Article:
Photo: David F. Nicholson
Before this past Tuesday, I'd seen AC/DC up close either two or three times. At their 2003 Rock and Roll Hall of Fame induction ceremony at Roseland, I sat next to Billy Joel, who said they were his favorite band.
My other memorable AC/DC experience came about a year earlier, when I had dinner with bassist Cliff Williams on the west coast of Florida, where he lives across from a friend's parents. Homeboy was sporting snakeskin sneakers, and I thought that was extremely cool. After the Roseland gig, I e-mailed Cliff the show review I'd written for Gene Simmons's short-lived Tongue magazine. Cliff's response: "Good shit, I thought."
My third AC/DC endeavor — and one I'm only three-quarters sure actually happened — was the Blow Up Your Video tour in 1988. I still have the ticket, and even some "In Angus We Trust" cash that rained from the ceiling, but since I was just nine years old at the time, I don't recall being there.
I don't remember much from my night at Gillette Stadium this week either, but I took detailed notes, so here goes.
You need a relatively dumb "Yankees Suck"–chanting crowd to make a raucous metal show like this work, and offering free tickets on the radio helped secure that demographic. In the parking lot, I heard a guy ask his friend: "Do you know how many fucking millions of people died from swine flu in the last month alone?"
I spent half an hour outside ogling truck-stop waitresses and the bearded bastards in dirty white hightops they love. Usually you see such vagrants in groups of three or four, but there were tens of thousands of them at Foxborough. I recognized at least three mother-daughter pairs from momsteachingteens.com.
Anvil opened up, and — other than the drum solo that I think is still going on — their set was a shit sandwich stuffed with no-frills cheese metal ("Race Against Time" was particularly horrendous). I fully support Anvil's getting to live out their dream; I'm just not sure that they should get to live it at the expense of 100,000 eardrums.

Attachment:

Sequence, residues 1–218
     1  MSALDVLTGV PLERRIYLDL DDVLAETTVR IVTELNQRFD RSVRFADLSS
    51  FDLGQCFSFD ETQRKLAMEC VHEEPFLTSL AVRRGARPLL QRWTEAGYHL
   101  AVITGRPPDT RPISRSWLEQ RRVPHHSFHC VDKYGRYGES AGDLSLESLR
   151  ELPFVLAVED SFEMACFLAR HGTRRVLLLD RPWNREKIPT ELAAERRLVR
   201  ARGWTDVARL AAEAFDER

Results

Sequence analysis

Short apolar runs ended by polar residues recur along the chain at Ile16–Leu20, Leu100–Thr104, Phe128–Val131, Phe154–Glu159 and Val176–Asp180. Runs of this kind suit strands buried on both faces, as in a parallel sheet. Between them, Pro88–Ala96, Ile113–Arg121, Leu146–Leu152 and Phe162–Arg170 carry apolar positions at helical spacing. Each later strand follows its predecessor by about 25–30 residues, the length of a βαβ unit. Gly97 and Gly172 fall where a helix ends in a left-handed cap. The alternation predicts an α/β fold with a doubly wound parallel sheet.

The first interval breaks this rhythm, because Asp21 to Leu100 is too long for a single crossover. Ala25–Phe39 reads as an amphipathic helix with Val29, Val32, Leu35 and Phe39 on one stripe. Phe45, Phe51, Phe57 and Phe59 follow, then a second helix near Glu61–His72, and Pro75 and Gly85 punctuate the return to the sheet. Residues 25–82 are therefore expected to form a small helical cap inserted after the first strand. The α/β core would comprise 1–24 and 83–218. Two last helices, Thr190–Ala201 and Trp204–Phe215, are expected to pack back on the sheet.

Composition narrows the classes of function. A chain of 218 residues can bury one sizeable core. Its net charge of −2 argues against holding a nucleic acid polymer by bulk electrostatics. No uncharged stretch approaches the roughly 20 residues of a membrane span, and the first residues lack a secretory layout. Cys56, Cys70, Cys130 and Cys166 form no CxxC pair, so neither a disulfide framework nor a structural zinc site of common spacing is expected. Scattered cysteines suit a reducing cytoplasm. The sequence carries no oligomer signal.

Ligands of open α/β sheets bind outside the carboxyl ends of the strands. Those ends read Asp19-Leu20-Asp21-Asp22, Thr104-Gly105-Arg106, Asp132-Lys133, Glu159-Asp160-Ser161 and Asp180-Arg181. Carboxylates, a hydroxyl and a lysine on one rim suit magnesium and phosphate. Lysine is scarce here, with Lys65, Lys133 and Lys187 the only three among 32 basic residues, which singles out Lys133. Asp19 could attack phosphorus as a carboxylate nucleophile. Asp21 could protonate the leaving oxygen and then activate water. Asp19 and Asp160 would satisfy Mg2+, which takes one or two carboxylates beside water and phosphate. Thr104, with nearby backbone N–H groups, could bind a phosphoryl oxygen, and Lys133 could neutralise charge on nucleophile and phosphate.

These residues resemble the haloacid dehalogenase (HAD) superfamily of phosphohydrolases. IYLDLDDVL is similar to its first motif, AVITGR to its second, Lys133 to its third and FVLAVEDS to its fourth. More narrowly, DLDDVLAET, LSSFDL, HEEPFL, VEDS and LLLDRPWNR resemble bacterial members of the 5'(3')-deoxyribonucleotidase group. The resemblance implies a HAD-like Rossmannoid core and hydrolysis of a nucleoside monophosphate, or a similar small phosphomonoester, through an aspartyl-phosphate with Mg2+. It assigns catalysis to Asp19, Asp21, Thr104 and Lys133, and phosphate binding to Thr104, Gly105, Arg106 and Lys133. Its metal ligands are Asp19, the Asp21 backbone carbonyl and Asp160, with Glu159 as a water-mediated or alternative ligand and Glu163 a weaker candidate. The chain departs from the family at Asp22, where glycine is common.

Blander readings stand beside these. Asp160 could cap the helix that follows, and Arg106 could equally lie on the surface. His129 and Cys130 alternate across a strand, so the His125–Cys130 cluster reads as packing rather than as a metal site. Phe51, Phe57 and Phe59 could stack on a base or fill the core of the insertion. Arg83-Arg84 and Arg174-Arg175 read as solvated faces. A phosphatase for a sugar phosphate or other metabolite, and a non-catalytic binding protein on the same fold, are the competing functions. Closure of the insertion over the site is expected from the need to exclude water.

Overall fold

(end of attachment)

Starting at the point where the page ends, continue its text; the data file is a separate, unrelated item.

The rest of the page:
There were an alarming number of children in the venue, and for a minute I expected to have problems roasting spliffs all night. But when the lights went down — and AC/DC's titanic flaming locomotive crashed on stage — even parents started reaching back for joints.
"Back in Black" rang about three songs in, and the sky erupted with cheers. Angus Young jetted up the long catwalk, and Brian Johnson screeched mightily. Heads roared for "The Jack," as Angus stripped to his skivvies and cameramen zoomed in on wrinkled tattoo'd boobs in the audience.
Speaking of trashy whores — there was a woman in the handicapped section with a wheelchair-bound boy whom she must have borrowed for the evening. She stood directly in front of the poor kid the entire time, pausing only between songs to turn around, pinch his cheeks, and squeeze his glow-in-the-dark devil horns.
In their two-hour set, the band cranked tons of new joints, and though the songs from last year's Black Ice (Columbia) kept blood percolating, they didn't get shirts lifted à la "You Shook Me All Night Long," "Thunderstruck," "Shoot to Thrill," and the 15-minute guitar solo that Angus shredded from 50 feet above the 50-yard line.